An editorial hub
dedicated to the spirit of shinola.
May 16, 2019
May 16, 2019
With the opening of the Shinola Hotel came new shops in and around Parker’s Alley. The neighborhood is definitely worth exploring—in any weather. Because we couldn’t wait to get down there and do some shopping ourselves, we’re here to share with you a little bit about some of the shops and what they bring to the neighborhood—and why they wouldn’t choose to be anywhere else.
Carli Goltowski knew since high school that she wanted to work in fashion and retail, so it was only a matter of time before she opened her own men’s and women’s fashion boutique. Located among the new shops around Shinola Hotel, Good Neighbor is in the heart of the downtown shopping district, something she knew she always wanted.
“I knew downtown needed retail, and I knew I wanted to bring national, local and independent brands to downtown—to give them a platform,” Carli said. “I always wanted to see this in the city, make a convenient place for people to shop and bring quality products to them, products they love and enjoy that they don’t have to shop online for.”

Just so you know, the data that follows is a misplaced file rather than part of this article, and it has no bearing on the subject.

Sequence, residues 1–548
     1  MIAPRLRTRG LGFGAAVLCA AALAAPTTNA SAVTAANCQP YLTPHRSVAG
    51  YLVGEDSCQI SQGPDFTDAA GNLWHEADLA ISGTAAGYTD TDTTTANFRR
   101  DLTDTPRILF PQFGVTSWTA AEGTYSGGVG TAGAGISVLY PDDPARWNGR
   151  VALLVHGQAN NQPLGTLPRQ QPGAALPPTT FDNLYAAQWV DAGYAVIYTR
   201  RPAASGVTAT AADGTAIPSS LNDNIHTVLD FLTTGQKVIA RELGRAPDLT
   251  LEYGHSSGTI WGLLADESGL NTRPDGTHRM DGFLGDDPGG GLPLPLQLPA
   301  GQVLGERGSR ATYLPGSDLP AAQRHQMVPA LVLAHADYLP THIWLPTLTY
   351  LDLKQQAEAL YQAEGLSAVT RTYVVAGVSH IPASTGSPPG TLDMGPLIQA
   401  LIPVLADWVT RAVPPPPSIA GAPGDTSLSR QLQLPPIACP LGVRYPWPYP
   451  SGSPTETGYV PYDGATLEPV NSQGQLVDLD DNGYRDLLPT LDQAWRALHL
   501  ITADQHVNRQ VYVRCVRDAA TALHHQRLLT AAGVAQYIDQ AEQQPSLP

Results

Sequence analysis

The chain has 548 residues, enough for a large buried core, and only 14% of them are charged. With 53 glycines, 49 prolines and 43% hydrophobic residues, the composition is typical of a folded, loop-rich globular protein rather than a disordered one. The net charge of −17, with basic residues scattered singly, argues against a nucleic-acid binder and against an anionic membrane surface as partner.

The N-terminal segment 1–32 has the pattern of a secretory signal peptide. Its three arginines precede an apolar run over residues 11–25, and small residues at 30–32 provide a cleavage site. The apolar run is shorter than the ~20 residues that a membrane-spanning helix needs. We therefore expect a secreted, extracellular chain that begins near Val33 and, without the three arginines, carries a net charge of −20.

To Carli, a good neighbor is more than just the name of her shop or getting to know the other store-owners around her. To Carli, a good neighbor goes beyond the neighborhood, and bringing quality brands to the area is just one of the ways Carli’s shop is a Good Neighbor.
“I do my best to source brands that are socially conscious. They all have something they’re working towards, some bigger goal,” Carli said.
In addition to sourcing socially conscious brands, Carli has also partnered with Humble Design, a non-profit organization that helps furnish homes for families transitioning from homelessness. One dollar of every purchase made at Good Neighbor goes to Humble Design, and all the proceeds from the popular “Detroit” embroidered tees and printed bandanas, designed by local artist Martyna Alexander, go to Humble Design, too.
“It’s important to me to give back,” Carli said. “I’ve had so much support in life and in the project, so it’s important to me to use my resources to give back and help others.”
While Carli’s idea of a “good neighbor” reaches beyond her own neighborhood and nearby shops, she does admit they are her favorite thing about the area.